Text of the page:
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The Shadows Have Eyes
He ran blindly through the darkened forest. The moon scarcely seemed to shine through the thick and impending trees; their long thick braches seemed to pop out unexpectedly to slam into his face and body. But he would not stop.
He could not.
He could hear them behind him; he knew that with every pasting second that they got closer, he knew that with every pasting second they could be upon him. But he knew that they would not kill him. No, he would not be granted such a pleasure, such a simple end, where there would be no pain. He knew that for his actions, this would not satisfy them.
Branches and trees snapped and cracked wildly behind him as they followed him through his desperate run, making sharp ear-splitting cries from the pleasure of the hunt. An evil sound.
With the screams of their last victim, echoing endlessly in his ears, he tried to put on an extra burst of speed. He rapidly ducked another branch that had threatened to knock him over. He tried to run, to escape but they kept coming, he could hear them quickly approaching him from behind, their icy breathe close enough to freeze the back of his neck.
He felt his foot suddenly catch below him on a hidden underlying root. He fell promptly to the ground in a heap, smashing through some of the underbrush. He both felt and heard as his ankle twisted and then snapped, with a resounding clearly distant crack!
The pain shot up his leg like an electric shock; he gave a small cry out in pain, as every maddened heartbeat pumped through his newly injured ankle. He frantically tried to ignore the searing pain and wrenched his foot free from it imprisonment.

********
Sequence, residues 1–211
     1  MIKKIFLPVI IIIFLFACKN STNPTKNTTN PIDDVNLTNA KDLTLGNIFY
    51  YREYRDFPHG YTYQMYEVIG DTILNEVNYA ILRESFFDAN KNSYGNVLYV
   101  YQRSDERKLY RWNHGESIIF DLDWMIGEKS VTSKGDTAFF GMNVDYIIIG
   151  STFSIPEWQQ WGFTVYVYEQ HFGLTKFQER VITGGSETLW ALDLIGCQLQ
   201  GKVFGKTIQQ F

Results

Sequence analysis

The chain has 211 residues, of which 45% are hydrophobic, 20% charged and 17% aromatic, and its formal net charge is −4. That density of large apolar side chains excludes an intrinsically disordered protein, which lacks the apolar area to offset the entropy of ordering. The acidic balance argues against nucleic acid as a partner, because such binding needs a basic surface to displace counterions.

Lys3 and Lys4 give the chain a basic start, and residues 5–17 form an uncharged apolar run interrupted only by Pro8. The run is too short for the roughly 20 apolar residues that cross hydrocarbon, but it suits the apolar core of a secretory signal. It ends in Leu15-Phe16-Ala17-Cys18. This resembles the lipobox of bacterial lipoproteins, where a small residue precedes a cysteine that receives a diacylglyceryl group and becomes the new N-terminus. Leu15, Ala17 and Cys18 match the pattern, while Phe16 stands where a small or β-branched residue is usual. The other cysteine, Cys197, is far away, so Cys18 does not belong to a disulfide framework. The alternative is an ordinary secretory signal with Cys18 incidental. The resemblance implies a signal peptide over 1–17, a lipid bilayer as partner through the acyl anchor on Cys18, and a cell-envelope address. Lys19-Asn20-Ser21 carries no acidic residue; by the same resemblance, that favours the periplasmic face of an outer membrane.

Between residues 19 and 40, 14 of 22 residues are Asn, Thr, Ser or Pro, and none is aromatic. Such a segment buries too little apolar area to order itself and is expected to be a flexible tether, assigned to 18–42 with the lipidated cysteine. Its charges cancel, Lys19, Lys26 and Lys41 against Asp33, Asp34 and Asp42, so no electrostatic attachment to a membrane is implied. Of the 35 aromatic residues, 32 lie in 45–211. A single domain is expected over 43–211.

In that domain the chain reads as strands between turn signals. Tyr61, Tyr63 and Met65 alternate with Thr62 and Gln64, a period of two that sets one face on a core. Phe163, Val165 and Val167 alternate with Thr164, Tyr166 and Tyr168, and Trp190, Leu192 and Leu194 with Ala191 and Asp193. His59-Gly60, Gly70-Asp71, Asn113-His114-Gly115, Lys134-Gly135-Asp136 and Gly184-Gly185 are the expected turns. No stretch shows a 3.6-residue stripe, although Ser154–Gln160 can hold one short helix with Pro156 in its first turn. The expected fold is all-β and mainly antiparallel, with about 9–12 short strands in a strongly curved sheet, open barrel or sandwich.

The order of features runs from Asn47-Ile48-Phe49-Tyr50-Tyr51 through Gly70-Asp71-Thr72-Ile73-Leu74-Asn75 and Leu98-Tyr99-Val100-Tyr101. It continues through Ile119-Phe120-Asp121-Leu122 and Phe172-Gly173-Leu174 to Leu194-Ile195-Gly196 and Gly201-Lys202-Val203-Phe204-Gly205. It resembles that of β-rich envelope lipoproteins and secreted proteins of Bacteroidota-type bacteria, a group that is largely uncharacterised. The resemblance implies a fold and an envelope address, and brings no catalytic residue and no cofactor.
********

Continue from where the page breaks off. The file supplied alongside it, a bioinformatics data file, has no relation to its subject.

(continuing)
He could see the shadowed outlines of them rushing forward upon their prey, him. He somehow found his way to his feet, and tried to run. It was only on pure adrenaline that he was even able to move. A small thing hit him from behind and the sharp claws that ran right through his shirt and dug deeply into his flesh. He tried to grab at it, while it clambering around his back, the sharp darts of claws, tearing gashing holes across his back, the feeling of his own warm blood dripping down his back.
He felt its icy breathe near his left ear, before he managed to yank it from him he felt hot irons pierce his the side of his neck. His world was immersed in a sea of the purest kind of pain. The freezing breath of it seemed to freeze him as the thing bite him, hot blood flowed out of him, quicker and quicker with each labored breath.
He grasped over, and with his failing breath managed to jerk the thing from him. When he threw it, the thing fell back and retreated.
The rest of the pack, even more exhilarated with the sight and smell of his blood, were still coming. He could not keep going, his legs felt weak and fragile below him, his precious life blood pulsing out of him, and running down his stained body. His head was light, but the world around him was gradually darkening before his very eyes.
He staggered forward mechanically, leaning against each tree on the way, streaking it with his reddened hands, a shade that only real human blood can give it. The eager shrieks directly behind him, and gaining, the distance that he had gained between them in his run almost gone.